[00:04:04] Tim Ingalsbee: In future wildfires, we might want to think of, ‘Hey, this is an opportunity to manage the fire to create a nice little patch, a little mosaic, especially in these remote uninhabited areas or even fires entering existing wilderness areas.’
[00:04:20] You don’t need to send armies of firefighters that are trying to do perimeter control in these remote areas; that’s spreading the crews way too thin, scattering them across the landscape. You can rest assured the fire’s going to be okay in that area. We can concentrate our resources near the towns and communities that really need us.
[00:04:38] So that’s a couple ways to look at these is incorporating fire mosaics, not just in suppression operations, but also in land stewardship.
[00:04:49] John Q: Tim was asked whether it might be difficult to get public support.
[00:04:53] Reporter #1: Just one thought Tim, but with all due respect, there are times where prescribed fires that seemed to be in places that were totally remote, have gone out of control and done damage. You know, there’ve been some really tragic incidents, not a lot, but enough that it makes it harder.
[00:05:10] Tim Ingalsbee: Points are well-taken that it’s all about risk and managing risks, but taking opportunities where you can to re-knit the landscape with fire mosaics, employing fire where we can, is the best, really, the best fuels treatment method for talking about big fires on the landscape. Fire does a great job of recycling dead needle mats. So that’s what we’re talking about really. And it is working from the ground up, in terms of fuels reduction, instead of the crown down.
[00:05:43] To me, the most flammable tree in the forest is not a big old growth snag. That’s rarely—mostly inflammable. The most flammable tree in the forest is a young conifer, densely stocked in a tree farm or timber plantation where the most flammable part of a tree, its needle mass, is right there on the ground, close to any kind of spark or surface fire. Inter-threaded crowns, I mean, that’s just one contiguous, massive, highly flammable fuel, lots of oxygen to feed the flames. And so that to me is the most flammable tree age and type of structure is that conifer tree farm. And we’ve got to figure out how to manage for that because they are not really sustainable given climate change is increasing the frequency of wildfire events.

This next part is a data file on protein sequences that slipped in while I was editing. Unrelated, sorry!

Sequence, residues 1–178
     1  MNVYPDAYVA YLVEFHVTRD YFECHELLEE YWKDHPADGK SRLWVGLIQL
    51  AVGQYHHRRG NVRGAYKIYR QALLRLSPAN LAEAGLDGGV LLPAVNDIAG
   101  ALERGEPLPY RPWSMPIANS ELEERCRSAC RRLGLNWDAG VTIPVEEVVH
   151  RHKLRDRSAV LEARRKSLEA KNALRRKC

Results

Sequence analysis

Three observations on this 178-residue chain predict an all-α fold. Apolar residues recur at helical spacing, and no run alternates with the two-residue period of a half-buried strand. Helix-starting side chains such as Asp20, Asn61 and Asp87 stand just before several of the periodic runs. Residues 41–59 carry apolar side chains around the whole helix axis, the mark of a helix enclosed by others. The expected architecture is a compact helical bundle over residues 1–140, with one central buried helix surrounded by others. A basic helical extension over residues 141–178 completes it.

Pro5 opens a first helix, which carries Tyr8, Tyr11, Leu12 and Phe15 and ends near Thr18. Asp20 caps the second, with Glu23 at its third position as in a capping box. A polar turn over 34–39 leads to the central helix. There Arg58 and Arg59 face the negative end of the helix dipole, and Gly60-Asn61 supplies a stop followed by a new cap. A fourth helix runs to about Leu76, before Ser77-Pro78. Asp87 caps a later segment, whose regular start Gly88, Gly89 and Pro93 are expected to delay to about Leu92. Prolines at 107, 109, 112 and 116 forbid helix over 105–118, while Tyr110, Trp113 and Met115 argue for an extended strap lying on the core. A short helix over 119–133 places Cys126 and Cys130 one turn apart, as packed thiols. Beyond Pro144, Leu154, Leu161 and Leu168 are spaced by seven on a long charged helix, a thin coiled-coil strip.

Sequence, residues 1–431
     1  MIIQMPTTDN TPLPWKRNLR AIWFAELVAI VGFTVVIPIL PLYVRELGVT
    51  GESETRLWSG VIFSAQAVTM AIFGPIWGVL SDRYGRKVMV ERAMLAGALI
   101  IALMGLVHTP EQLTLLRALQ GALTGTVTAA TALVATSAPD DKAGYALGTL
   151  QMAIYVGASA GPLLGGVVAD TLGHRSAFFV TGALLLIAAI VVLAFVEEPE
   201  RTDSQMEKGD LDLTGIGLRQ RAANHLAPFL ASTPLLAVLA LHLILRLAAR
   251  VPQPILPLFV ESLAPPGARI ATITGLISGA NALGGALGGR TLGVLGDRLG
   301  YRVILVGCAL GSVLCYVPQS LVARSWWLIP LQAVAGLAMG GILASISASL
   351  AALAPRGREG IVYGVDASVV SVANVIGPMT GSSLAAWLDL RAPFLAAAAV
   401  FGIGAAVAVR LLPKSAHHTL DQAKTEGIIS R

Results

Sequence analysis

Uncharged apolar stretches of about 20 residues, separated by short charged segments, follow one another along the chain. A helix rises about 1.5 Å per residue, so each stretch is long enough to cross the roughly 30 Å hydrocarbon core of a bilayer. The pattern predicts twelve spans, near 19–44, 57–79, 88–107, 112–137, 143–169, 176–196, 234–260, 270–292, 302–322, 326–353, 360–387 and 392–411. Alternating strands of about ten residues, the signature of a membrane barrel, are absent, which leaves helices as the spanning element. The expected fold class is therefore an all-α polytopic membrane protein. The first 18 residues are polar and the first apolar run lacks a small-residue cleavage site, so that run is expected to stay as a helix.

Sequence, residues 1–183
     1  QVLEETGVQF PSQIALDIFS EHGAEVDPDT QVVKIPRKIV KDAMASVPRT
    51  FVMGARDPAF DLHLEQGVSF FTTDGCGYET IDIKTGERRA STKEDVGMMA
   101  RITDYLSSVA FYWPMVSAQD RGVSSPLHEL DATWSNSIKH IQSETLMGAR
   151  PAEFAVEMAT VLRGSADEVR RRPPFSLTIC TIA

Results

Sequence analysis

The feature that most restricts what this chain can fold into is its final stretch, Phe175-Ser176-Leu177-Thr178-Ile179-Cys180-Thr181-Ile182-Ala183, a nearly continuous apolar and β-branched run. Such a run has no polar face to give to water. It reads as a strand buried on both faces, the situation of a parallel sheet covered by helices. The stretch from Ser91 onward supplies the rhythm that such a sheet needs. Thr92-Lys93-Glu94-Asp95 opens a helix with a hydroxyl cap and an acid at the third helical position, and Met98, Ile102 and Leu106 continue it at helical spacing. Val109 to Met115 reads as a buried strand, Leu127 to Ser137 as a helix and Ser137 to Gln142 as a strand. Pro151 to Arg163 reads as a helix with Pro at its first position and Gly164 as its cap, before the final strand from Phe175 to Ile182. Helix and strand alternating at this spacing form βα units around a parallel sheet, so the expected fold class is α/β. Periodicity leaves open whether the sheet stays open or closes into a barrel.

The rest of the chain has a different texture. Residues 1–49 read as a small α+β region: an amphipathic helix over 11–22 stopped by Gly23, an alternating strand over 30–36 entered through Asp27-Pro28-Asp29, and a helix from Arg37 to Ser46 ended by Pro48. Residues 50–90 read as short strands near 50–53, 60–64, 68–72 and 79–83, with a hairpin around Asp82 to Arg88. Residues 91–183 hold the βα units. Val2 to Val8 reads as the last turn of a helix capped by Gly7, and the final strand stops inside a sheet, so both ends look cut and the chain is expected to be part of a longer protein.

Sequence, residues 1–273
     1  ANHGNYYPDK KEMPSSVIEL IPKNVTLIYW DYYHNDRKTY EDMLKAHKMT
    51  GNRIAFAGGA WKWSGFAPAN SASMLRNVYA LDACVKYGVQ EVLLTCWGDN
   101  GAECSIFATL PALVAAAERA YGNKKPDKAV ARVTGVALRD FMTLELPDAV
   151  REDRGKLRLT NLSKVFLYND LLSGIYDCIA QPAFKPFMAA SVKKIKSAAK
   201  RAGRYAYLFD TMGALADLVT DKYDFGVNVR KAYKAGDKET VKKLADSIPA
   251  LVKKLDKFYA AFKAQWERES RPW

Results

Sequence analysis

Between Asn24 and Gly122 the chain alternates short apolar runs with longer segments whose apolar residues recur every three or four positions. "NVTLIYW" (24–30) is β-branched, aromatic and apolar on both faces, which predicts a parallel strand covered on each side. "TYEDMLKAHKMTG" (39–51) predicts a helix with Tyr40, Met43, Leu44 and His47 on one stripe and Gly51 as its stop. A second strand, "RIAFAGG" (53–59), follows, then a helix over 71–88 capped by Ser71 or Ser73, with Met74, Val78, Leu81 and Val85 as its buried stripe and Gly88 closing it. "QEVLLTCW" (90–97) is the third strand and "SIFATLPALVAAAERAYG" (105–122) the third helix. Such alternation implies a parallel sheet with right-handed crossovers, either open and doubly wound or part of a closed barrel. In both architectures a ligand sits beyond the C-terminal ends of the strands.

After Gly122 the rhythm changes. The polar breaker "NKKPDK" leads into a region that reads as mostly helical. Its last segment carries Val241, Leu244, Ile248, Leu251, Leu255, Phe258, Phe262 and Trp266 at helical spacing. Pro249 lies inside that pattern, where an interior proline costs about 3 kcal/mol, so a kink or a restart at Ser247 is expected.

[00:06:34] Reporter #2: The Beachie Creek Fire started by lightning in a wilderness area three weeks before the 2020 wind event. Many Detroit residents blamed the Forest Service. Will this public perception limit our ability to use ecological fires?
[00:06:50] Tim Ingalsbee: We’ll have to get past that misperception of the Beachie Creek Fire was Forest Service negligence. It just was a harsh lesson in our human limits to control this very powerful force of nature in this altered climate that we’ve caused. It may take some effort to get comfortable with working with fire on the landscape and reconstructing a landscape mosaic as opposed to just, ‘Hit it hard and put it all out quick, if possible.’ But what we’re finding out with climate change, that’s not possible. So we’re pitching a kind of new strategy for active ecological fire management, incorporating this concept of fire mosaics.
[00:07:32] John Q: FUSEE says fire can be used to reduce surface fuels, so that the next fire is smaller.